When you were a child, what was your response to this question: “What do you want to be when you grow up?”
Describe your research in five words.
“Good food for all communities.”
It alternated between fashion designer, architect, and doctor for quite a while. In junior high, my science fair project was to find out if people who go to the gym more often are less likely to get sick. After winning first place, my answer pretty much shifted to doctor.
Share the pivotal moment in your life that helped you choose research as a career path.
After college, I worked for two years in a San Francisco law firm that specialized in product liability and medical malpractice litigation. They were at the forefront of HIV litigation, representing blood banks and pharmaceutical companies that manufactured clotting factor for people with hemophilia. Working in San Francisco, one of the epicenters of the HIV epidemic, on HIV litigation brought into sharp relief the impact of HIV on individuals who experience extreme discrimination due to their illness. I learned firsthand what it looks like when a population health issue isn’t dealt with swiftly due to discrimination and stigma because the disease was first recognized in the gay community and with IV drug users. This is why I decided to go into public health research — to address situations before they can become crises, to work with communities against discrimination and stigma, and partner to build assets in low-resource communities.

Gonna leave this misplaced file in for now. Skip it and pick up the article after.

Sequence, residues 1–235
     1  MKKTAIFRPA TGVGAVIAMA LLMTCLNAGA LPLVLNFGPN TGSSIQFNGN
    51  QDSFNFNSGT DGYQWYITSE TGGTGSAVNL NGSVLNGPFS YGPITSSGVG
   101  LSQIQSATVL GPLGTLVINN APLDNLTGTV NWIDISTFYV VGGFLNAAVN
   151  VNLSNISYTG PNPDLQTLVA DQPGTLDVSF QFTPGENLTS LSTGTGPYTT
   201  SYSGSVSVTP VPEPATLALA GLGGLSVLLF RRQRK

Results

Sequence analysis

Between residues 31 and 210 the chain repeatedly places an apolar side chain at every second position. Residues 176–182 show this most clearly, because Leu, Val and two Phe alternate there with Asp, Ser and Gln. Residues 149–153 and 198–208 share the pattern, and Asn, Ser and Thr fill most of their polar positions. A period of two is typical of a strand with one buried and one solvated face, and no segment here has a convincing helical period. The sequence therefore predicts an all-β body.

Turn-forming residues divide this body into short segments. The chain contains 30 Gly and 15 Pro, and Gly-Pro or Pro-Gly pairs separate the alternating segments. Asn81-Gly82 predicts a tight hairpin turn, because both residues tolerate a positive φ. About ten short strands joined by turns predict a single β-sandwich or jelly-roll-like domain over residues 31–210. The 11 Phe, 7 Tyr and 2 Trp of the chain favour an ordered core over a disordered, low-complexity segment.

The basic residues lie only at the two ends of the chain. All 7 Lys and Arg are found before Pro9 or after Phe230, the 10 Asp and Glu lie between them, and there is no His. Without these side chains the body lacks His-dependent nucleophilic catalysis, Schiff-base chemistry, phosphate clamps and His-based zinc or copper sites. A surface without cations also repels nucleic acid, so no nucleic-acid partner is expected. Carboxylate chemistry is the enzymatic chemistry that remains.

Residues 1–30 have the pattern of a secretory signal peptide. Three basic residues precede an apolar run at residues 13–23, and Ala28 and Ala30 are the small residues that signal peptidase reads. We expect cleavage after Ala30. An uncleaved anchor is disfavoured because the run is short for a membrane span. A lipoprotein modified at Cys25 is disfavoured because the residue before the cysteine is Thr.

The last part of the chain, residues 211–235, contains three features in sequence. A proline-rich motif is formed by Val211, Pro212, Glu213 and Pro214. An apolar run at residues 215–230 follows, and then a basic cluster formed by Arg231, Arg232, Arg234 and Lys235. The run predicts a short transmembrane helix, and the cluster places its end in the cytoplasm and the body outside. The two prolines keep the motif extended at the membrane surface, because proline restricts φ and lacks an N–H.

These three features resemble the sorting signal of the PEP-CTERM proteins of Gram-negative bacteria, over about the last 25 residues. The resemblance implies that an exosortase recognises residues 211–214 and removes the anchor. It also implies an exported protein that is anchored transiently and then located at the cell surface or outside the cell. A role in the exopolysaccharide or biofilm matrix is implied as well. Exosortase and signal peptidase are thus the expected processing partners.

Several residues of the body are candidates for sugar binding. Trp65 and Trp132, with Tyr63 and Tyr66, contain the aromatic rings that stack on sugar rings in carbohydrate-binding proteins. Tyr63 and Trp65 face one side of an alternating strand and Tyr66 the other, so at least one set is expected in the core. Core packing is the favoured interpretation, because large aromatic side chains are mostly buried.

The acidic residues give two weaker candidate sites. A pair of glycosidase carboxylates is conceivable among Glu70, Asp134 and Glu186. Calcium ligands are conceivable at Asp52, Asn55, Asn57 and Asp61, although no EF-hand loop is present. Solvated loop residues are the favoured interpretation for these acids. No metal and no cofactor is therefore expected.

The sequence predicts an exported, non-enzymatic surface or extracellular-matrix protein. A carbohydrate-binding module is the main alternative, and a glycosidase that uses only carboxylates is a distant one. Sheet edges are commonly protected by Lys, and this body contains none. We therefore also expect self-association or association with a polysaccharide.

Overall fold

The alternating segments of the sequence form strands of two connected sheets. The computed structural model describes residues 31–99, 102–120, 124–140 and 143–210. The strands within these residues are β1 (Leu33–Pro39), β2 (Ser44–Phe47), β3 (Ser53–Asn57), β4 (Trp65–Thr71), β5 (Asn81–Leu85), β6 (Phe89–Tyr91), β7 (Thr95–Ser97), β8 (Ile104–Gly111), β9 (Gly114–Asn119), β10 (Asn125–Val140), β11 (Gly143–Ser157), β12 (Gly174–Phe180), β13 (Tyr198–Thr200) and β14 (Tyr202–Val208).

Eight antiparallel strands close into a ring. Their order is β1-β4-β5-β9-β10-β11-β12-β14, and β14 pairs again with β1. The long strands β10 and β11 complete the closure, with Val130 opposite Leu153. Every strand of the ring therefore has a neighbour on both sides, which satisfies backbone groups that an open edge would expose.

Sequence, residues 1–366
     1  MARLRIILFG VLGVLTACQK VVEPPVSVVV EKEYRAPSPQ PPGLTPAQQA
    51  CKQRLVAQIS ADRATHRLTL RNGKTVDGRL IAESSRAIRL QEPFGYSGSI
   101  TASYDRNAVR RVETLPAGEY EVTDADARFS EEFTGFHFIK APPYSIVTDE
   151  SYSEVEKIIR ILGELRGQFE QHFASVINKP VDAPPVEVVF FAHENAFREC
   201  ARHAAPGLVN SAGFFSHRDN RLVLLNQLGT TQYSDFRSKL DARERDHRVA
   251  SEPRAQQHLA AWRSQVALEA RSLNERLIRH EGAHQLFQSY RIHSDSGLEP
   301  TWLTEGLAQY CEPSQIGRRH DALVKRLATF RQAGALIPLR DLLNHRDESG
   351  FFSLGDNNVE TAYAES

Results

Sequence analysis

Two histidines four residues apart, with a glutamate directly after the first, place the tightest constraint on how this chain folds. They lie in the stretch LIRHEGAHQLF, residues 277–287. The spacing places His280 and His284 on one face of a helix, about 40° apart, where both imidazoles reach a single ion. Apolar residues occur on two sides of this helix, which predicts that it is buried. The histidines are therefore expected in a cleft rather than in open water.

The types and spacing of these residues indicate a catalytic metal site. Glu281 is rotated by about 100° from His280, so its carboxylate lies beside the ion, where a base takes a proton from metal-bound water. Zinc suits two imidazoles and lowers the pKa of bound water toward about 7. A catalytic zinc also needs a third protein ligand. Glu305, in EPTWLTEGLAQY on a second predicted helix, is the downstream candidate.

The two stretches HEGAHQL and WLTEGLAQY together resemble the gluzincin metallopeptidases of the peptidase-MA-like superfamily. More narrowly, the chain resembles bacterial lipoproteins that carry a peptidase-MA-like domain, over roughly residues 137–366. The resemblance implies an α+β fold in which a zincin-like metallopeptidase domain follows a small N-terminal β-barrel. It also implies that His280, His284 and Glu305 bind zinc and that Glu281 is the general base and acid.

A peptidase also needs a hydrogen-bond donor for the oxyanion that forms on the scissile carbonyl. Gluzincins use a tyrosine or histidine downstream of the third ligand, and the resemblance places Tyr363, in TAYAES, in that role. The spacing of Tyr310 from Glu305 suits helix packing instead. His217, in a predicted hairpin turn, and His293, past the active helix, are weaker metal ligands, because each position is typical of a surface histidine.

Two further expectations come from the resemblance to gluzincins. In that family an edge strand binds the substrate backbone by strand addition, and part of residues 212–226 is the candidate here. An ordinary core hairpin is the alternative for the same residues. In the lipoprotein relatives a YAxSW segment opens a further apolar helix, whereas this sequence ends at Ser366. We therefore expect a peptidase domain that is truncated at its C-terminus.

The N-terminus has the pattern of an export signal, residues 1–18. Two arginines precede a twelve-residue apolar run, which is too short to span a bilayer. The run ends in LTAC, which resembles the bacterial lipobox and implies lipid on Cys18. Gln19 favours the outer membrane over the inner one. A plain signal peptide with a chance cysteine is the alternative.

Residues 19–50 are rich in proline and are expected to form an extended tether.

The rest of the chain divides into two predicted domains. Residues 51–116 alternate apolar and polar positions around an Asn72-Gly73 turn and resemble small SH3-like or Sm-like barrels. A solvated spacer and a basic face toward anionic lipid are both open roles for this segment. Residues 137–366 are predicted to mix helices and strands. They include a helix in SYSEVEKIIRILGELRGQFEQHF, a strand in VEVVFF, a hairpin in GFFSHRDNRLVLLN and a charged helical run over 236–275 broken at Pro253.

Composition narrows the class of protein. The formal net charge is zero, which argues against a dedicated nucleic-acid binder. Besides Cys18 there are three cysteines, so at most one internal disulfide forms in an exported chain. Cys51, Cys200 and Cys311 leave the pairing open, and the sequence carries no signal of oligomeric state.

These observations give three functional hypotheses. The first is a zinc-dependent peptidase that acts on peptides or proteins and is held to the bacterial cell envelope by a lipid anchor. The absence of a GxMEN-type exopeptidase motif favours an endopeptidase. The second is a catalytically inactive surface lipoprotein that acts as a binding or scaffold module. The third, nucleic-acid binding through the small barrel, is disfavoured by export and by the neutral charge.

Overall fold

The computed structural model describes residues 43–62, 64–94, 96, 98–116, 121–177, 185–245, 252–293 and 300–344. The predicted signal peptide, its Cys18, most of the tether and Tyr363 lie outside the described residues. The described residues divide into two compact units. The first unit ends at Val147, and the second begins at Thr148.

What’s an interesting thing that’s happened during your research?
Through a partnership with a rural black church, my research team obtained funding to study the impact of a church garden on participants. The funding mechanism stipulated that we could not begin to receive funds until we had institutional review board (IRB) approval. This created a challenge because, to grow a garden in the country, you need to protect it from deer and other garden predators. You also need to plant with the seasons. My community research partner and I had to navigate between the university explaining why we needed access to funds prior to IRB approval and the community who wanted to start planting — now.
What advice would you give to up-and-coming female researchers in your field?
Look for mentors, find a support network, expect sexism, and befriend a statistician.